Bare or Bear?

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What is the difference between bare and bear?

Bare means exposed (e.g., without clothes). For everything else, use bear.

Note: The term to bear fruit uses bear not bare. (This term is often mistakely written as to bare fruit.)

Bear or Bare

There is often confusion over the words bear and bare. This confusion arises because, knowing a bear is a large mammal (e.g., a brown bear), writers feel uncomfortable using bear in its other meanings. In fact, the word bear is a very versatile word. Here are common expressions with bear:

Bear

The word bear has many meanings:

To carry (in many senses of the word). To endure or to tolerate. To maintain a direction. A large mammal.

Bare

The adjective bare means uncovered, naked, or exposed (i.e., without cover, clothing or cladding).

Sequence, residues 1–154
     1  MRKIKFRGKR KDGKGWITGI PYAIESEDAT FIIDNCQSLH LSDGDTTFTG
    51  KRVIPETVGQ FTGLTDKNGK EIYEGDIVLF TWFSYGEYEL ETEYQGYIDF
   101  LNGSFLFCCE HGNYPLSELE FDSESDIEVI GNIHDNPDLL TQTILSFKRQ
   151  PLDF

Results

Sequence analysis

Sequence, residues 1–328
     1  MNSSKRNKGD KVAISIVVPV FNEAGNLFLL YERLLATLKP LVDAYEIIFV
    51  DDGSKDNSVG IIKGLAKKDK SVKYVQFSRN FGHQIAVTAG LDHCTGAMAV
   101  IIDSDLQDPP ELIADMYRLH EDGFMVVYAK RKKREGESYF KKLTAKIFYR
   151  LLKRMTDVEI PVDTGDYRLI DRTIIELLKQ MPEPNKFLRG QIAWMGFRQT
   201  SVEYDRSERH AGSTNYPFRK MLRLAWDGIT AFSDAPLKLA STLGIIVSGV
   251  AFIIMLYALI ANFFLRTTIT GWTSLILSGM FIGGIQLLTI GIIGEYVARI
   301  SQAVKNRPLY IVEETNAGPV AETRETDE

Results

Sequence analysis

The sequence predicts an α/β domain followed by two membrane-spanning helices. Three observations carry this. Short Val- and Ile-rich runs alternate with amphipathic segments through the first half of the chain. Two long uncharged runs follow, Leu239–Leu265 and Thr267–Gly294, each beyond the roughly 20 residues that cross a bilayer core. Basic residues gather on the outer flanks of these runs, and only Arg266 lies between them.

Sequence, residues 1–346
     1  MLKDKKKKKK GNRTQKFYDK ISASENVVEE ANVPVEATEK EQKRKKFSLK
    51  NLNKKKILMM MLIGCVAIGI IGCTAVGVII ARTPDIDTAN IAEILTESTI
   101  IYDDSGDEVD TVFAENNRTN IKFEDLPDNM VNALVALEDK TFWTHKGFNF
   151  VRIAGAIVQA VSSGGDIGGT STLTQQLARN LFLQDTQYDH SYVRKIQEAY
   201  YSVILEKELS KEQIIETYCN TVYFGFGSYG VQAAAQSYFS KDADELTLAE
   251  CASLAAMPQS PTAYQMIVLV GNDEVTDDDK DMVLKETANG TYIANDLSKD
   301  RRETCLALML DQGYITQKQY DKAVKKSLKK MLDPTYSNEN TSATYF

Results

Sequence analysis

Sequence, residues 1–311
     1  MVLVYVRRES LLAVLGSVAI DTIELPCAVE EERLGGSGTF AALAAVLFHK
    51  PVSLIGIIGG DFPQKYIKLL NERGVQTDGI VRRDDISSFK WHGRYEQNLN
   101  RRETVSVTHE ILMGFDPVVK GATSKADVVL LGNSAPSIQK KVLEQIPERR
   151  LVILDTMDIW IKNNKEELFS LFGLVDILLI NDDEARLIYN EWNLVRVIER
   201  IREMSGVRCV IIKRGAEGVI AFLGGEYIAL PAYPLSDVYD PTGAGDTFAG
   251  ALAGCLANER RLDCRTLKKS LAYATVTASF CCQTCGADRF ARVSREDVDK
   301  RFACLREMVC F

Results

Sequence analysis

Examples:

A Quick Test

Trust The Bear

Writers are very familiar with bear meaning a large mammal (e.g., grizzly bear). However, the word bear as many meanings. When they encounter these other meanings, some writers are attracted to bare because they know that bear denotes the large mammal. Well, unless you mean exposed or naked (i.e., bare), then bear is correct.

For example:

Bore, Borne, and Born

The past tense of to bear is bore. For example: The past passive participle of to bear is borne. For example: However, when talking about birth, the alternative participle born is used (as an adjective or in a passive sentence). For example: Note: The word before born is usually the verb to be (e.g., is, was, were, been).


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See Also

What are adjectives? What are verbs? List of easily confused words